Feasibility Study for Non-Destructive Measurements on the Steel Pressure Shell of the Primary Containment of Nuclear Power Plants: the primary circuit, including the reactor pressure vessel, is enclosed by a steel pressure shell as part of the defence-in-depth safety barriers. Depending on the structural design of the nuclear power plant, this is directly surrounded by a concrete casing in the support area of the foundation from both the inner and outer surfaces.
The unexpected action of boric acid can cause local corrosive attacks on the steel pressure shell, so a periodic review is important in order to determine possible decreases in the wall thicknesses. The ultrasound measurement normally used for this purpose is relatively simple on the freely accessible areas of the steel pressure shell, but this is not the case in the areas surrounded by the foundation. In the past, concrete core drillings were carried out at selected points in this area, and these were sealed again after completion of the measurements.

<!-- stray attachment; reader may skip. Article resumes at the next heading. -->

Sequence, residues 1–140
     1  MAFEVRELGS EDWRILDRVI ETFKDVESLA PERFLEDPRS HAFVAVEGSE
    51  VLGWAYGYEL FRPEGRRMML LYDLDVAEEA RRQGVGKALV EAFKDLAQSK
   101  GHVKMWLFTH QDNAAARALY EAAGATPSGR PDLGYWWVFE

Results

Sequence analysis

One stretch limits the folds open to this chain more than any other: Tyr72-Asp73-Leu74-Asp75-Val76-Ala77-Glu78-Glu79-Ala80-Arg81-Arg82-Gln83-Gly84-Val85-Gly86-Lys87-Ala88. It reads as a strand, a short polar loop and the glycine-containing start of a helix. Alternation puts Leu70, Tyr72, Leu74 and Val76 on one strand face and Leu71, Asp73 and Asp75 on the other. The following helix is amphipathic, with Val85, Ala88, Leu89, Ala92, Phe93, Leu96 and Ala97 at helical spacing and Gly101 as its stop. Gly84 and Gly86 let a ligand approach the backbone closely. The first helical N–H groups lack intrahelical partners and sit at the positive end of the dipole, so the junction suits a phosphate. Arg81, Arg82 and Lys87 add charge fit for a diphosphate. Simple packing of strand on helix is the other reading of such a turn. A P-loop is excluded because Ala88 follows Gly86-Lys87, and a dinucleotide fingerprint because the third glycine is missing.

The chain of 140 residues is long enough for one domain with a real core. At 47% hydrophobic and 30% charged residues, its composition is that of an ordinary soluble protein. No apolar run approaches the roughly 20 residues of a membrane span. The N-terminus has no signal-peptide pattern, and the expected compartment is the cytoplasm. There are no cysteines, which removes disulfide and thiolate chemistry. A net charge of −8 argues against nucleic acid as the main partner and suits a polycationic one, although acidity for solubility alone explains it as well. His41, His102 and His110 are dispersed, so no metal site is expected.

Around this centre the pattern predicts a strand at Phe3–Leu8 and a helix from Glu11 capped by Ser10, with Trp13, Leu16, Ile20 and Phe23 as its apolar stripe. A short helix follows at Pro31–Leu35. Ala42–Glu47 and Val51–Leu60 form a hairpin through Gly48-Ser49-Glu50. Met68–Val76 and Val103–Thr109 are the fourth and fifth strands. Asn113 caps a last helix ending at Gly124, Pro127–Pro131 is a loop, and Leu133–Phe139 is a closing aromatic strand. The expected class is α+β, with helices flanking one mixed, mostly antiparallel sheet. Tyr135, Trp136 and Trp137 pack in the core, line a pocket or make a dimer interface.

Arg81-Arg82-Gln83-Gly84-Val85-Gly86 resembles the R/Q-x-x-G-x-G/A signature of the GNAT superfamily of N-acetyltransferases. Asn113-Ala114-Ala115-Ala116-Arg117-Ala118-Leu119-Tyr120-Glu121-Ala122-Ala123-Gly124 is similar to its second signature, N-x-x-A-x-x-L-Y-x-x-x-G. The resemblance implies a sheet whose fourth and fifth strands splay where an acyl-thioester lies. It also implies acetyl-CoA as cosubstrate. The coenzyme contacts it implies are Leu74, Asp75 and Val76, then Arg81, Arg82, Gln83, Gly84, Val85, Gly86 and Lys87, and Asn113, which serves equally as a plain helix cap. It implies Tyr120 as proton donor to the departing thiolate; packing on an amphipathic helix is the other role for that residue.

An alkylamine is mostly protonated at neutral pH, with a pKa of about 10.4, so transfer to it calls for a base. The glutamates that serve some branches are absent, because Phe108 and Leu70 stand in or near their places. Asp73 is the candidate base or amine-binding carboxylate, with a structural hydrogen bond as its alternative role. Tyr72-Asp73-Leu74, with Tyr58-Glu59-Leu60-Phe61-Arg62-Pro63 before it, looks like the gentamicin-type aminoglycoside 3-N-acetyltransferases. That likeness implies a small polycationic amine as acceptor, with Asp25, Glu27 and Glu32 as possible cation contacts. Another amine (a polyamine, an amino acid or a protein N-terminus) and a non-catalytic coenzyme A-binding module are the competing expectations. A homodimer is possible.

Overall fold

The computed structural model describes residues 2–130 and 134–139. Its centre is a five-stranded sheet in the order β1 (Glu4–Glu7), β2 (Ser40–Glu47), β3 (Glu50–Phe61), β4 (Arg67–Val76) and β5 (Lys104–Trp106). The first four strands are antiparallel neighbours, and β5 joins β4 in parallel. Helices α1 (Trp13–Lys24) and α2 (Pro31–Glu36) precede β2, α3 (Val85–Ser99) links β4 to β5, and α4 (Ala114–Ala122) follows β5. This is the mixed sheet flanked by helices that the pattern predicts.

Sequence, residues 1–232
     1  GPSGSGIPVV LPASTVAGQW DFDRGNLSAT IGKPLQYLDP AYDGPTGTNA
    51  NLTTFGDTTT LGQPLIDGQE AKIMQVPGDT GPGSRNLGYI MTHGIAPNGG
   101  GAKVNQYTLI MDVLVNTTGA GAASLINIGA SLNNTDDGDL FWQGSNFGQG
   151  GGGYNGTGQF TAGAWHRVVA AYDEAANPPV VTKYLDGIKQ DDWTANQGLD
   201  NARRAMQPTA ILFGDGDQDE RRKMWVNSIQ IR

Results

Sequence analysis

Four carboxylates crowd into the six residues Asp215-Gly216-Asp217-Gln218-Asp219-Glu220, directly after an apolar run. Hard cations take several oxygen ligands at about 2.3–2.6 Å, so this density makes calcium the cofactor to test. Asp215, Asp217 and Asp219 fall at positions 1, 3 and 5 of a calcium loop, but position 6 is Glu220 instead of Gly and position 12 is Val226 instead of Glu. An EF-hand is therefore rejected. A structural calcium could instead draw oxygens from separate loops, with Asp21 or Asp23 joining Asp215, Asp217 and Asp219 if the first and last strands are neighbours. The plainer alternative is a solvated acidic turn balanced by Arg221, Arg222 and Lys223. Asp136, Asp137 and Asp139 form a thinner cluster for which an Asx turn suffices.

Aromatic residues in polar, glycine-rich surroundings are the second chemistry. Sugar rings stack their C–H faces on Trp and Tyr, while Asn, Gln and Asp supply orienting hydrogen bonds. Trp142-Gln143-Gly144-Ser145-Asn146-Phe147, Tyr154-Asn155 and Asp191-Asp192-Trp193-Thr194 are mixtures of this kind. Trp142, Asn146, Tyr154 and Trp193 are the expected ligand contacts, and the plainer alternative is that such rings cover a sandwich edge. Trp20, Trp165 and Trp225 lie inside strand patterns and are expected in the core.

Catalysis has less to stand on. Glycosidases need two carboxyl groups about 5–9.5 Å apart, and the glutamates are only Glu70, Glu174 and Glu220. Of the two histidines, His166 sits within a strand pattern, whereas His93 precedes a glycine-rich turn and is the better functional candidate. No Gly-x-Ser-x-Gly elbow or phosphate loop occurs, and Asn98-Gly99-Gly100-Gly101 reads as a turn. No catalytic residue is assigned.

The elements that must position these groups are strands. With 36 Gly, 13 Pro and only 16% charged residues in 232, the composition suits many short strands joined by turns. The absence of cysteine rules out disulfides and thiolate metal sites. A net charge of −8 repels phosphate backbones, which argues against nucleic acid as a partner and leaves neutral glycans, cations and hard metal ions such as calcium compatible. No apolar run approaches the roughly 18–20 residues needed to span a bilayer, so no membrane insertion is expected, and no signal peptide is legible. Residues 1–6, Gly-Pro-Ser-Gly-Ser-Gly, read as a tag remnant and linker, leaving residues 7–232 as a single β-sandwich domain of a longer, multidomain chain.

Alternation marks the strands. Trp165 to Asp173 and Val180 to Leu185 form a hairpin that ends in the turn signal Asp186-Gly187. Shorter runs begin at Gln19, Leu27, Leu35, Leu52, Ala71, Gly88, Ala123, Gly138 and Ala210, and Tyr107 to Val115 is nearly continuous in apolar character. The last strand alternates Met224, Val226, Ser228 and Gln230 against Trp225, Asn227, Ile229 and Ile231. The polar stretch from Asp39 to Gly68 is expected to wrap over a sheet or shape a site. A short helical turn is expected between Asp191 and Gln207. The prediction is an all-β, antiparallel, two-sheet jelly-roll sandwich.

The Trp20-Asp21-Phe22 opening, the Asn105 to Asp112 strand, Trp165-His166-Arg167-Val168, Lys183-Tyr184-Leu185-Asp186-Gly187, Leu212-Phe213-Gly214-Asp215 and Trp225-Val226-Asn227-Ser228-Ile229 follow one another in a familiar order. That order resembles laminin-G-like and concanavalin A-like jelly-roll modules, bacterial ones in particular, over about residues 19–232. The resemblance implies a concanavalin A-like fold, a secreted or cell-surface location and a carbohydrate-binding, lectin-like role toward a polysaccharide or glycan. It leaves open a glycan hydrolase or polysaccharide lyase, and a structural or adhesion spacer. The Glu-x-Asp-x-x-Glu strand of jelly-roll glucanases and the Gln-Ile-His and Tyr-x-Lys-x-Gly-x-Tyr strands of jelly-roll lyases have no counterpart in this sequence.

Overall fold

A feasibility study was launched by ENSI in 2009 in order to assess new types of inspection methods on a covered steel pressure shell. For this purpose, a test object which is intended to simulate the difficult inspection situation was built at the Swiss Federal Laboratories for Materials Science and Technology (EMPA). This object consists of a solid steel plate into which various defects are introduced, and which is partially in direct contact with reinforced concrete, including intermediate layers of mineral wool. Theoretical and experimental verifications of various non-destructive measurement methods are to be carried out on the test object to determine their suitability for inspecting concealed corrosion on a steel pressure shell.